“Silent Night” is such an iconic Christmas song that it’s hard to imagine it’s not some ancient folk tune that wafted out of the mist one wintery night. But the song did not spring from some holly- and ivy-lined fairy glade, instead the origin of the peaceful song comes 200 years ago during a turbulent time in Europe.
The continent was reeling in the aftermath of the Napoleonic Wars. Financial scarcity and insecurity abounded, further stoked by fires, floods and famine. But the conflict was, at least, finally over. In 1816, Josef Mohr, a Catholic priest from Oberndorf bei Salzburg, which had just come under Austrian rule, wrote a poem called “Stille Nacht" to commemorate the coming of peace. Then, he put the poem aside for two years.
He returned to the poem in the winter of 1818, according to CNN's John Malathronas, when the river Salzbach flooded into Mohr's parish church of Saint Nicholas. So the congregation could have music on Christmas Eve, Mohr asked school teacher and church organist Franz Xaver Gruber from the neighboring village of Arndorf to set his poem to music to be sung by two voices and a guitar. Gruber wrote the arrangement in an afternoon.
Because guitar was not an instrument approved by the Church, the duo waited until the conclusion of Christmas Eve mass before debuting the song. Mohr sang tenor and strummed the guitar while Gruber sang bass, with the congregation coming in on the chorus.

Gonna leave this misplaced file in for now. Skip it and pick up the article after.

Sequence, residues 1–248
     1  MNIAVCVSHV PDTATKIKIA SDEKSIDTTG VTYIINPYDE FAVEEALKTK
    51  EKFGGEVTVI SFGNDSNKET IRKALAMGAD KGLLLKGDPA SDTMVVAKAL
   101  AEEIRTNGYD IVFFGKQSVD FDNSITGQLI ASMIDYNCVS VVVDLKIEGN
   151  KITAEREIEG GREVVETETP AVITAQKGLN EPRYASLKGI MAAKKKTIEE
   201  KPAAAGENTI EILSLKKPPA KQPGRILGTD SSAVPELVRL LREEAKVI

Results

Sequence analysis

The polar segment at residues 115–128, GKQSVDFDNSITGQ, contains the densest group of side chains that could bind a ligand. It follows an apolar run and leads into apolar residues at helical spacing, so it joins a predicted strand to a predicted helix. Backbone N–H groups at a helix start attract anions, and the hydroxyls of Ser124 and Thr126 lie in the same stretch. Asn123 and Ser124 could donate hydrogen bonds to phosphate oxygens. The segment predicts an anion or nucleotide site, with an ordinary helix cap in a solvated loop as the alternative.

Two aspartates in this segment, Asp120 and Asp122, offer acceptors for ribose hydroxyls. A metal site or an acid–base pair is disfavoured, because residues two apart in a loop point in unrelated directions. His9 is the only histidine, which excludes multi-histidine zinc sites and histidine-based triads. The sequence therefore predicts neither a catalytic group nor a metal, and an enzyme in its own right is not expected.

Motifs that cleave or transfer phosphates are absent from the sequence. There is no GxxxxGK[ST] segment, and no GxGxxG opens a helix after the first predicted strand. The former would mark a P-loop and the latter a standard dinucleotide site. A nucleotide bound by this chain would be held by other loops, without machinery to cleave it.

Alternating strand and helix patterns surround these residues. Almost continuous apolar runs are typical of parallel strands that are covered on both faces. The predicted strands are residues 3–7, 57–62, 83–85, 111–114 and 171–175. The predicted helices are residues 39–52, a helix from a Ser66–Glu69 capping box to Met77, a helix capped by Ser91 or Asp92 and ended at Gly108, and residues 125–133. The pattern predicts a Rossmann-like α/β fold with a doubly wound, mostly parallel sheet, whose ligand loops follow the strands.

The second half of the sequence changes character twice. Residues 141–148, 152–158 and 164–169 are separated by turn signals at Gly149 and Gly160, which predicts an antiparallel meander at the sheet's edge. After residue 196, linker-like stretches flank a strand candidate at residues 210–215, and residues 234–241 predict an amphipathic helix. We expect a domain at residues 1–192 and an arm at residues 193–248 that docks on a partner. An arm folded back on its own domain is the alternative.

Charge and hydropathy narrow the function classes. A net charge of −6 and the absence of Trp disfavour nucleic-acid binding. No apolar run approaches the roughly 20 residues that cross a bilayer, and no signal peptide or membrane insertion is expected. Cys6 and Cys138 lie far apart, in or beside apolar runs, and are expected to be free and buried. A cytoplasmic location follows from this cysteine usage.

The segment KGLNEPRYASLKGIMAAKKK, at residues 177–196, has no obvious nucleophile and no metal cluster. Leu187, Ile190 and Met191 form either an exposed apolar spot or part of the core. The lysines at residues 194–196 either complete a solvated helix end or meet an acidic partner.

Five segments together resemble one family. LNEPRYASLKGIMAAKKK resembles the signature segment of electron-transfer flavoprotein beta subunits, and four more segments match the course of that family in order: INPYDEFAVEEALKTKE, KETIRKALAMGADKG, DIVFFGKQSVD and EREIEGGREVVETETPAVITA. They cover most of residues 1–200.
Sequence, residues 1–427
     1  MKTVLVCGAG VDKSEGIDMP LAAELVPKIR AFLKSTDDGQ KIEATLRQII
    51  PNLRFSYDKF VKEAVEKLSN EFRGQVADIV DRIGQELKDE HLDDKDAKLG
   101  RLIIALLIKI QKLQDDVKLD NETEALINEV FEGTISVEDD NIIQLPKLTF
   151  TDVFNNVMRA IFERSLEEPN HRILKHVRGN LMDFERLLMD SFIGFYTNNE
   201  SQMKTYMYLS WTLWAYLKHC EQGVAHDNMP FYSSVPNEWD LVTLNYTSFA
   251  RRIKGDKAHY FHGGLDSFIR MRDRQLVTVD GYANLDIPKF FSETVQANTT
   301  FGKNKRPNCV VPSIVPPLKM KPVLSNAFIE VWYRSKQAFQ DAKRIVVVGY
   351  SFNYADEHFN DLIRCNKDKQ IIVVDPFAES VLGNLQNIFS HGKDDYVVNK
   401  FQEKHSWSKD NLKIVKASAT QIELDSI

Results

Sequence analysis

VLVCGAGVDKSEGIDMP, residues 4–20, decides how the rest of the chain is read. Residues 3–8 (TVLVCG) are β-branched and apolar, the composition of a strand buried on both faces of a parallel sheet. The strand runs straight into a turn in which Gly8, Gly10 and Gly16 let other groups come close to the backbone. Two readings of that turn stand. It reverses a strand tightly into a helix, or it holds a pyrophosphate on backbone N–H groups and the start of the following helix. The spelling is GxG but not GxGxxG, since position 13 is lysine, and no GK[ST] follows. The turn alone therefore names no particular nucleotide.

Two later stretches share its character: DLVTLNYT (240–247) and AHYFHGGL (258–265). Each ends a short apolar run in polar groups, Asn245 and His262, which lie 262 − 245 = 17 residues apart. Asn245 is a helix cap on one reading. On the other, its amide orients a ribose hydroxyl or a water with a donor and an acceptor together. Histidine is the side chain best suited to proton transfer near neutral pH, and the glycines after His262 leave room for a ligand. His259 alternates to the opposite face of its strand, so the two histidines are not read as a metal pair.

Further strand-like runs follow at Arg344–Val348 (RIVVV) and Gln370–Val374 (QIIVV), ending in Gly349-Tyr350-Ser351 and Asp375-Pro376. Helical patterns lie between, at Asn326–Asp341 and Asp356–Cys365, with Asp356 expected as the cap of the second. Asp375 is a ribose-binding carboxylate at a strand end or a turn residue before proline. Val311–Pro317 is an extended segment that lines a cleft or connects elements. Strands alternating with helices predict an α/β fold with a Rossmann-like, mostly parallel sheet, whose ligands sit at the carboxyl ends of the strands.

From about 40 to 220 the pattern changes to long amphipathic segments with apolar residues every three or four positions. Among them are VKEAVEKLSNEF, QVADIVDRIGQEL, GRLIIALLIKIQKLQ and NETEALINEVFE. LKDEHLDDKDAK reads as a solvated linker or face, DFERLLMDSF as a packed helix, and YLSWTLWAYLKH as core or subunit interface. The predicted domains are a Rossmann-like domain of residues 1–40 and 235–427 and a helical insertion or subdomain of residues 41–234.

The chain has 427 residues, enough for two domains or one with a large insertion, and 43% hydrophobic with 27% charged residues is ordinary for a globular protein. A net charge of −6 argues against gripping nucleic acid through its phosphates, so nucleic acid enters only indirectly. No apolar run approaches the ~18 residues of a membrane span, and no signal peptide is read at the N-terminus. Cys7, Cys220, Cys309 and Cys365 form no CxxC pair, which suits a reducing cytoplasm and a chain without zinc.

The song might have remained a one-night wonder, but when the organ repairman Karl Mauracher arrived, he heard the song and took the sheet music home with him to Tyrol, an area known for its choirs. The choirs began singing the tune, and eventually it was translated and spread around Europe. In 1839, it came to the United States when the Rainer Family Singers—think of The Sound of Music but more Dickensian—toured the New World.
According to Edward W. Schmidt at America magazine, by the 1850s, the carol was so popular and important that the Royal Hofkapelle (court orchestra) in Berlin wanted to trace its origins. The theory was that it may have been composed by Johann Haydn, the brother of well-known composer Joseph Haydn. Eventually, the inquiry made it back to Gruber, who wrote a brief history of the tune called “Authentic Origination of the Composition of the Christmas Carol ‘Silent Night.’”
The story doesn't end there. In 1912, according to the Austrian National Tourism Office, sculptor Joseph Mühlbacher wanted to create a memorial to the song’s originators. Though paintings of Gruber were made during his lifetime, Mohr always resisted having an image made. So Mühlbacher set about locating Mohr’s grave—yes, his grave—in the town of Wagrain, which was his last posting as a priest. He proceeded to dig up Mohr’s skull, using his remains to inform his sculpture of the two men. For several years, the skull remained in storage. When a chapel named after the song was constructed on the site of St. Nicholas church in the 1920s, Mohr's skull was embedded in the wall, where it remains today. Mühlbacher's sculpture of the two men, meanwhile, stands outside the Silent Night Chapel.
To celebrate the song's bicentennial, the Salzburg Museum is currently presenting an exhibit on its 200 year legacy, which will also be officially marked at 13 Silent Night locations around Salzburg, Upper Austria and Tirol.